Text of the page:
Melt & Remake rings
Our workshop is regularly asked to turn a customer's own jewellery, perhaps family items that have been kept in a jewellery box unworn for years, into something new that can be worn and enjoyed again. We recently made new wedding bands for two brothers and their spouses from their own family rings. This is the story of how it happens
We were presented with a collection of old inherited wedding rings, some very worn and misshapen, some that had been cut off and damaged, to make four brand new rings, two gents and two ladies. (pictured above)
The rings are placed in a crucible and heated to approximately 1100 degrees Celsius, at which point the gold starts to melt.
The gold is now in a molten state and flowing together as one mass.
The molten gold is now ready to be poured into the casting mould to make an ingot.
Then, it is allowed to cool down.
It's then tipped out and ready for the goldsmiths to start making the new rings.
The gold ingot is then passed through a series of decreasing gauge rolling mills, to form it into a wire.
Every few passes the jeweller must heat the wire until it is red hot, then allowed to cool down slowly. This is called annealing and helps to prevent the metal becoming too brittle to work with.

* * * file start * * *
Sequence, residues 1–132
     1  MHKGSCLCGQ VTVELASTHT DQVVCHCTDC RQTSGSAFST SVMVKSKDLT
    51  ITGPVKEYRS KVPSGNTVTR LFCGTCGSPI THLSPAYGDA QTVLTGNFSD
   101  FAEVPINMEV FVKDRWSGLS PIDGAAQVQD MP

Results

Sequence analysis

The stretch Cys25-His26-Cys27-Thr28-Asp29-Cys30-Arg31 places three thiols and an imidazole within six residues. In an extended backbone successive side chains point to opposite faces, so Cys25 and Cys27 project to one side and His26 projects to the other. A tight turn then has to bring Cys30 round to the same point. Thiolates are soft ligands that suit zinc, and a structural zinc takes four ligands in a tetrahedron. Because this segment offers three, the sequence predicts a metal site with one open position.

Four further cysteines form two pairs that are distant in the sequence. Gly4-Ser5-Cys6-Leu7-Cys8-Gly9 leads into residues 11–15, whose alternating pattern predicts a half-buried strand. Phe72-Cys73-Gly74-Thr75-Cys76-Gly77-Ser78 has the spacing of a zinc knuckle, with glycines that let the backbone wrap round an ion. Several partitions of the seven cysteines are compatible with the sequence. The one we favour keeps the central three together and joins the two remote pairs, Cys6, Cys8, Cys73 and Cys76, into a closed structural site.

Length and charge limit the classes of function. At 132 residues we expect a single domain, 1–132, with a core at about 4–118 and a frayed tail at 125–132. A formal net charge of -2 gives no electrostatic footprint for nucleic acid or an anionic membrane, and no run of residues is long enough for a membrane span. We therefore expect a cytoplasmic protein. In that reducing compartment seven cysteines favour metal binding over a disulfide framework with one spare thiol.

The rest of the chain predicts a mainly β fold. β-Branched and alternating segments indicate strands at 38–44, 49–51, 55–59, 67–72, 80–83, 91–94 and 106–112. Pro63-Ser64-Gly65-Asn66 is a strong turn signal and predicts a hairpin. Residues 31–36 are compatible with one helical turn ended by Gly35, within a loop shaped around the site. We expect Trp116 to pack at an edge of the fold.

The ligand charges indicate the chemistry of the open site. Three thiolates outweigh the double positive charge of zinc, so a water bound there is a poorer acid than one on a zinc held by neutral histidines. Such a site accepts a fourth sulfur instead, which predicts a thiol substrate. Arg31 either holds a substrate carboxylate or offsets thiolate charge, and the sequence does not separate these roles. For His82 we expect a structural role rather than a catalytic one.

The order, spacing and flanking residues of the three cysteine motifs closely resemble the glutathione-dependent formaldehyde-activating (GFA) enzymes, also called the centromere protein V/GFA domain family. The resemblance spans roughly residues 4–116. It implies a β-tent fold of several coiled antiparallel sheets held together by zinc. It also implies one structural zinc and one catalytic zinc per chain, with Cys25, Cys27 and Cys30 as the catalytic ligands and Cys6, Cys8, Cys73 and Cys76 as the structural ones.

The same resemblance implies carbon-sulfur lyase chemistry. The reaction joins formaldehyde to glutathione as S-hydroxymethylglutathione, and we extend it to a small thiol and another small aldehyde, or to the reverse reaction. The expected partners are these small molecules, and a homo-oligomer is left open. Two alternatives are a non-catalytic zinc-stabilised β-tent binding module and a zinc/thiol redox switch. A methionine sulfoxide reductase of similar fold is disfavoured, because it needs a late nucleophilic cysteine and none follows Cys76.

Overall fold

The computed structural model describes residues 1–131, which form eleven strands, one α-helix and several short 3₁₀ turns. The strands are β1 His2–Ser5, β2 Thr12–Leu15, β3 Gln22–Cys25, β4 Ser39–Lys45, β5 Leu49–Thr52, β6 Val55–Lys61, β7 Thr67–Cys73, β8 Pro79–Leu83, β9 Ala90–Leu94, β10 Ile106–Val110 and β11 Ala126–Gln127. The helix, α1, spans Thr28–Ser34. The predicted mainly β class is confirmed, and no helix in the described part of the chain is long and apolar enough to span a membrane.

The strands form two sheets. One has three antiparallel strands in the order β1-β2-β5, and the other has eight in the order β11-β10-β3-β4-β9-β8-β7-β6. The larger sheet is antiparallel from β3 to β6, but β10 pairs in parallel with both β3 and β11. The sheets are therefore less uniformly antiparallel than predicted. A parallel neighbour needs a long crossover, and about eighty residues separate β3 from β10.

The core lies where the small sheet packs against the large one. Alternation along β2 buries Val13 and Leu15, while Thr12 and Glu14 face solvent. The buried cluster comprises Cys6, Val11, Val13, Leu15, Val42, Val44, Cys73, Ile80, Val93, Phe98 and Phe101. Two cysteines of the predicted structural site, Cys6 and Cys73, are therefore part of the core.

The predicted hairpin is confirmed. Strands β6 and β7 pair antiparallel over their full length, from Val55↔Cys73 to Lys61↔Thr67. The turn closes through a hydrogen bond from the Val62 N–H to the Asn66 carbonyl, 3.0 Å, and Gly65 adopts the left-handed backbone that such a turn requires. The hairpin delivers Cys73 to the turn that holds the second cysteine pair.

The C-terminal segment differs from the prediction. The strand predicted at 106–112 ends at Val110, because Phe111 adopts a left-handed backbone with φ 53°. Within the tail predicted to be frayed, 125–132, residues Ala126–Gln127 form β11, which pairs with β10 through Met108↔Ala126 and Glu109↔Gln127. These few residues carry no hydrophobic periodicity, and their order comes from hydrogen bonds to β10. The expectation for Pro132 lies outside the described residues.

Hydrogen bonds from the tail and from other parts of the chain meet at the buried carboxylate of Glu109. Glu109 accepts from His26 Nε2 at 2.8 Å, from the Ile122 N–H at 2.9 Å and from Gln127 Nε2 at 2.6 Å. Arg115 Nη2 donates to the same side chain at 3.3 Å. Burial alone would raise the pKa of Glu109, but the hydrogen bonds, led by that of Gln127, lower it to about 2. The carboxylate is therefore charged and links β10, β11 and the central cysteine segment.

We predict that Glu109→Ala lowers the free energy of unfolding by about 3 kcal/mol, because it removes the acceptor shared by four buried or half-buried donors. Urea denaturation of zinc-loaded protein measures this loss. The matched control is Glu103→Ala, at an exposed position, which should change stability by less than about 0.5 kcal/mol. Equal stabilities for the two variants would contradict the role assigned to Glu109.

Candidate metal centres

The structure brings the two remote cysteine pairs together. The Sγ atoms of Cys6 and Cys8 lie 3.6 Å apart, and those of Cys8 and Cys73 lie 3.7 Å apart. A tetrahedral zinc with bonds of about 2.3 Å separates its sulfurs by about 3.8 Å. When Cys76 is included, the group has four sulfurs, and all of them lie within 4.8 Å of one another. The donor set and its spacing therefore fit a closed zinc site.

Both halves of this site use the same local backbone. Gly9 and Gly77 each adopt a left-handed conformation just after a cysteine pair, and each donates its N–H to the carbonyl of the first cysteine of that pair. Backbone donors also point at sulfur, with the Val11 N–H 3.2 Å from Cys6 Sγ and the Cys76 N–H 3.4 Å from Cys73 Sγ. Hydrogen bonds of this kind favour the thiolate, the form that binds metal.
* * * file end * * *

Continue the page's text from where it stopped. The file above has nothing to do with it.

When the wire is the required width and depth for the style of the 1st ring, is it bent to form a circle with the use of a forming press.
Basic shape of the first ring.
It is then cut off from the wire, as each of the final rings is different. The wire will go back through the rolling mill to alter the shape from a flat to court cross-section, and then the shaping process is repeated for 3 more rings.
The rings are then straightened with the ends aligned before being soldered together.
We now have four, slightly rough looking, basic rings.
Time for a bath, an acid bath, to remove carbon deposits from the surface.
As the engraver will be cutting patterns deeply into the surface, it's left in its rough state. If the customer had wanted a straight polished finish, we would emery with progressively finer grades before buffing and polishing. This is the end of our workshops part on for these rings as the next step will be done by specialist engravers.
The finished rings are back from engraving and what a transformation, three with very different techniques. From left to right, diamond cut, deep laser engraved, traditional hand carving. These designs were chosen from the 100's of choices of wedding bands that we have available in our showroom. Alternatively we can engrave your own design around the ring.
Comments on this post (2)
I have my engagement ring which was made with open clasps resulting In the loss of the sapphire centre piece. Is it possible to have the riig melted and reworked with a new stone in a closed clasp fitting?
Please let me know.
— Lyn Maddox
I have 3 gold rings that I would like to melt to make new 2 rings for me and mine fiance, for our wedding. Can you tell me if that would be possible and how much it will cost? Of course if the rings will not be enough to metal for both of the rings then can you advice me on what I can do.